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The isolated artist is a myth. Impossible.
(If you have evidence to the contrary, do tell)

It is only by talking to other artists that you develop.
(Talking to non-artists is good too, but a different beast, to perhaps be discussed in a different post.)

I now share a studio with Sarah Goudie. Our conversations range from the ridiculous chatting with resident pigeons, to the theories and sensibilities that drive us in our various ways to make marks.
Both types of interaction are welcome. We both have a highly developed sense of the silly.
It is inspiring to delve deeper, gleaning insights from the other artist into what I might actually be doing.

Yesterday I spent the day in my studio with Dr Jacqueline Taylor (she worked bloody hard for the title so I shall use it at every opportunity). In talking to someone else about the work, I am challenged to find the right words to describe my process, my philosophy, my connections, rationale. Flimsiness and airy-fairness will not do. We are discussing a future project: we talk of process, materiality, semiotics, visual vocabulary, and searching for the possible common lexicon…
In talking like this, my work takes on a new dimension, extra layers are added to it. The things I am doing rather instinctively while on my own in that beautiful room, suddenly become clear …I know what the purpose is. I saw Jacqueline off on the train, and have spent many hours in deep thought ever since.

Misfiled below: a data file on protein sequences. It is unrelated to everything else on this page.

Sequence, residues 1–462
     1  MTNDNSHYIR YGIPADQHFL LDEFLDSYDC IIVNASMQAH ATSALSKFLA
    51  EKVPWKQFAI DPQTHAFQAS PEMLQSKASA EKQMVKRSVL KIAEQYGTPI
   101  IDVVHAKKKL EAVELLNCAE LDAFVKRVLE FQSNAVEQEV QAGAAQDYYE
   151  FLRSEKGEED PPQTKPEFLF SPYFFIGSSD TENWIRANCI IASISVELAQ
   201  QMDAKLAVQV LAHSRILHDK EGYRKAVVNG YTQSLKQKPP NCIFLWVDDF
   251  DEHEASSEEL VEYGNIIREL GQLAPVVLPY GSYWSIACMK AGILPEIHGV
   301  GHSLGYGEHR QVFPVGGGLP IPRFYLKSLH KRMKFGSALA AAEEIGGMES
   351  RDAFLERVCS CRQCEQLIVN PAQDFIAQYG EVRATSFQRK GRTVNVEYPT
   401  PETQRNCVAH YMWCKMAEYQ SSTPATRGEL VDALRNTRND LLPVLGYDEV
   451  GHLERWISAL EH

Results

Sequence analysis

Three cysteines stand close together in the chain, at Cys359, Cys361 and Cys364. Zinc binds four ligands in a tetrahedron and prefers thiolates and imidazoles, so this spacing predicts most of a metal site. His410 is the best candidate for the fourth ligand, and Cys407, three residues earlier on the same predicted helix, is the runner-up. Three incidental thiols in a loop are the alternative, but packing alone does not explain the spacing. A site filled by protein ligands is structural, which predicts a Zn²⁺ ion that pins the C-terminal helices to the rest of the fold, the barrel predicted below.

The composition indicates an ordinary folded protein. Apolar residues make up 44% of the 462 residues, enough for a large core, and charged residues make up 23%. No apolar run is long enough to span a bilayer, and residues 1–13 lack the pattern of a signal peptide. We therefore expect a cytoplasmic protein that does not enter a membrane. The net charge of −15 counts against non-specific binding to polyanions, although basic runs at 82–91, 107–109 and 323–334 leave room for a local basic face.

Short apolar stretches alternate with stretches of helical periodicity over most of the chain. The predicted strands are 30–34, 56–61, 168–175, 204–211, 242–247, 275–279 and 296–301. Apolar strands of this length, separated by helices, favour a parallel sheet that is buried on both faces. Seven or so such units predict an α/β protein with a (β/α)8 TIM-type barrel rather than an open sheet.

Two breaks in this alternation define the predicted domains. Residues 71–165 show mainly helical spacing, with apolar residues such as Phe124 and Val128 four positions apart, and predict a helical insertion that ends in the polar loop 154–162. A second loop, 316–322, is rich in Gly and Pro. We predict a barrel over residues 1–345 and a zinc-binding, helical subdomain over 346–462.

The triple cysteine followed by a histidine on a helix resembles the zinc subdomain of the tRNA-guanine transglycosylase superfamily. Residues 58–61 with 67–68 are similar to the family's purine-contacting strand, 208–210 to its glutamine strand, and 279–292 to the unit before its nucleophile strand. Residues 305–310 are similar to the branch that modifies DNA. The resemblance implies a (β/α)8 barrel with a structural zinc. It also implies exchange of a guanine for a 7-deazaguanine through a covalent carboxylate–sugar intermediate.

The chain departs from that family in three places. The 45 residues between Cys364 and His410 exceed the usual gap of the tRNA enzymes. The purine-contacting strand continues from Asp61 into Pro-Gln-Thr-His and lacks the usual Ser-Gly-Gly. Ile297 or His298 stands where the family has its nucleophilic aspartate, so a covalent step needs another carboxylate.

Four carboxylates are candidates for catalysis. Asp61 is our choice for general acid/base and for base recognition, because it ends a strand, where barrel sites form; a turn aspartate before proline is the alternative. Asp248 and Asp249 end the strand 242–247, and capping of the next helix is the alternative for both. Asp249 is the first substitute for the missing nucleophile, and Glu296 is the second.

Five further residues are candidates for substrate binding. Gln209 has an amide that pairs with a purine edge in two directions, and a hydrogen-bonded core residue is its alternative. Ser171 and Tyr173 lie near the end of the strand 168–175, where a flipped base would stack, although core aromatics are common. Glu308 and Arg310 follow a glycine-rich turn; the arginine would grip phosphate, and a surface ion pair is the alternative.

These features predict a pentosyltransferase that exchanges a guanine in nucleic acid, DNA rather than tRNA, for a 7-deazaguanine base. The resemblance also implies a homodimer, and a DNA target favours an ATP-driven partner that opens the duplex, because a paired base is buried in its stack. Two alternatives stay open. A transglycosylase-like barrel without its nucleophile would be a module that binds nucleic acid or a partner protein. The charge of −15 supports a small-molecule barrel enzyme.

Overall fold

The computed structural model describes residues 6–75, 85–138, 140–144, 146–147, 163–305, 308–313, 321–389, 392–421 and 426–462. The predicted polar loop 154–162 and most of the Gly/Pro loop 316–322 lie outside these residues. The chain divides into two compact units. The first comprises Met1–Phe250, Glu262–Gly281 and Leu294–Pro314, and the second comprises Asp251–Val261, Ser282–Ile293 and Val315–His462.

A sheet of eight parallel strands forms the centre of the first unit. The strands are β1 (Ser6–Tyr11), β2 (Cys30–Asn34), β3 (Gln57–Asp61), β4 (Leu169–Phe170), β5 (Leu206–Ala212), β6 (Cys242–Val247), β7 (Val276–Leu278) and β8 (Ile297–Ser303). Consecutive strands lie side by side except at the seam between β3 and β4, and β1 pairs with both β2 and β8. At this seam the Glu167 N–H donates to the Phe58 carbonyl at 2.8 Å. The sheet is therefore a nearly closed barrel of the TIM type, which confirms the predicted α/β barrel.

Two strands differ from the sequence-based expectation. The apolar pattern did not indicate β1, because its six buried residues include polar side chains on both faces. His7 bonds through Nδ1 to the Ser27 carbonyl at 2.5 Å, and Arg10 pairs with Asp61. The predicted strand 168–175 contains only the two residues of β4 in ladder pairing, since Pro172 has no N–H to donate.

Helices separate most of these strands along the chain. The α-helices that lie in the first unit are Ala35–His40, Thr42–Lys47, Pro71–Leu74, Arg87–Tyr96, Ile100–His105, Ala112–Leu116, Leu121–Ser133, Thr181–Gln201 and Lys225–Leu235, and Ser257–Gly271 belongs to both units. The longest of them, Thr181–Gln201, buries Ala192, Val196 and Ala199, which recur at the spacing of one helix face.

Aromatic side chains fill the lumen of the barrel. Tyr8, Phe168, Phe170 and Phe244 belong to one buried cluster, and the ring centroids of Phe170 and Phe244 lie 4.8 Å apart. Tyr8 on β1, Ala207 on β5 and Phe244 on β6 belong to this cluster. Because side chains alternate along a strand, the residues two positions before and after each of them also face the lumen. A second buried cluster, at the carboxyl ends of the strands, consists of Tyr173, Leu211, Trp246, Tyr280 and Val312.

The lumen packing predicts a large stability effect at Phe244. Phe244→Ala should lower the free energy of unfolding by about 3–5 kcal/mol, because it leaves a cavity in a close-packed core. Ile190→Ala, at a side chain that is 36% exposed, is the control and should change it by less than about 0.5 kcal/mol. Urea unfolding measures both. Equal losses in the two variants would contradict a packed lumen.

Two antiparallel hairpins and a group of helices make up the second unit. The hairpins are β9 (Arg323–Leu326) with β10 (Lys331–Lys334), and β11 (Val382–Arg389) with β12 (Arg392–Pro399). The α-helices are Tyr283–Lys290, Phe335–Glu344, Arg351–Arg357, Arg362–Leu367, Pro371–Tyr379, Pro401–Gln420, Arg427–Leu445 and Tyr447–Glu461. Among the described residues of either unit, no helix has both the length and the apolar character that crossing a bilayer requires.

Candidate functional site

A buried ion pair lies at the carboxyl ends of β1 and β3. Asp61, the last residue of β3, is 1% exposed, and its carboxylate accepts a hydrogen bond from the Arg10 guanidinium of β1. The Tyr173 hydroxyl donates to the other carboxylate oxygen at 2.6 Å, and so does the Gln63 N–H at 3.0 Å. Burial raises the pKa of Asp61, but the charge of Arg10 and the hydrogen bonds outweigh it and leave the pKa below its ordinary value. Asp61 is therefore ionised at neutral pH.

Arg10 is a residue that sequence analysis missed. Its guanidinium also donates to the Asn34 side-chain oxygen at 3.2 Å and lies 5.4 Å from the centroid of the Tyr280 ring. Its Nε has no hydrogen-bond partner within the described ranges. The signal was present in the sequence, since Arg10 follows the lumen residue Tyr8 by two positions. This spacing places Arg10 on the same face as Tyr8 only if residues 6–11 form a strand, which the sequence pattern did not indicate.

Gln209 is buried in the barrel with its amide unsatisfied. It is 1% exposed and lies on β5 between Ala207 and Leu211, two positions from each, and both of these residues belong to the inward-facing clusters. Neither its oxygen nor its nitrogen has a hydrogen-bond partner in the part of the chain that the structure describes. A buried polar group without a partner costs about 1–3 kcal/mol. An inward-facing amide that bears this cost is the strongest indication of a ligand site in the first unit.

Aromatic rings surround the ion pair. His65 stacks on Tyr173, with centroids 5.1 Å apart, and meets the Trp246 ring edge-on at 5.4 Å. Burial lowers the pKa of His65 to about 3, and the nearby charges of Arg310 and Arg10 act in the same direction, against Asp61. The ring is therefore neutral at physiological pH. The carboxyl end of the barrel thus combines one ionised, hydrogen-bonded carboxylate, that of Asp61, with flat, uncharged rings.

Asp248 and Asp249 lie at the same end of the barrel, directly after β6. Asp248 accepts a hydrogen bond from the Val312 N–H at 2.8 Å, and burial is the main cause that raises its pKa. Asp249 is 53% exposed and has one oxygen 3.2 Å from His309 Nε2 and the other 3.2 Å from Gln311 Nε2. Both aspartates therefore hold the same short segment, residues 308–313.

The evening was spent at songwriting circle. Up until very recently, ridiculously, I still looked upon my songwriting as a fanciful thing, an added-on thing. Since dismissing that, and taking on board confidently that is a very important part of my practice, I have dived in even deeper. Committing more thought and a mindfulness to that process too. Songwriting is the thing that increases my brain activity, providing opportunity for a completely different sort of intellectual process. I have often mentioned the meditative state that occurs during stitching or immersive drawing. My brain wanders off on its own, making connections previously unknown. Songwriting is nowhere near that, it is completely the opposite. In songwriting I am TOTALLY in that moment, unable to wander off and think about whether we have enough bread for tomorrow’s breakfast… There is no room for any other sort of thinking. I can listen to the piano chords played expertly by Bruford Low, and hear additional suggestions for lyrics and harmony from Nicki Kelly. When I concentrate on these chords, I can really hear, and now, after a couple of years practice, able to sing a topline over it. I hear it, and have now got the confidence to sing it, without fear of making a fool of myself. I am also pretty fast at writing the words, that scan, that pick out just the message I’m looking for.
I absolutely love it. It’s fast, and furious, when you are in the right group of people. Nearly better than sex. It is also exhausting, in that wired and buzzy adrenalin fuelled way. Monday nights leave me with a big grin on my face.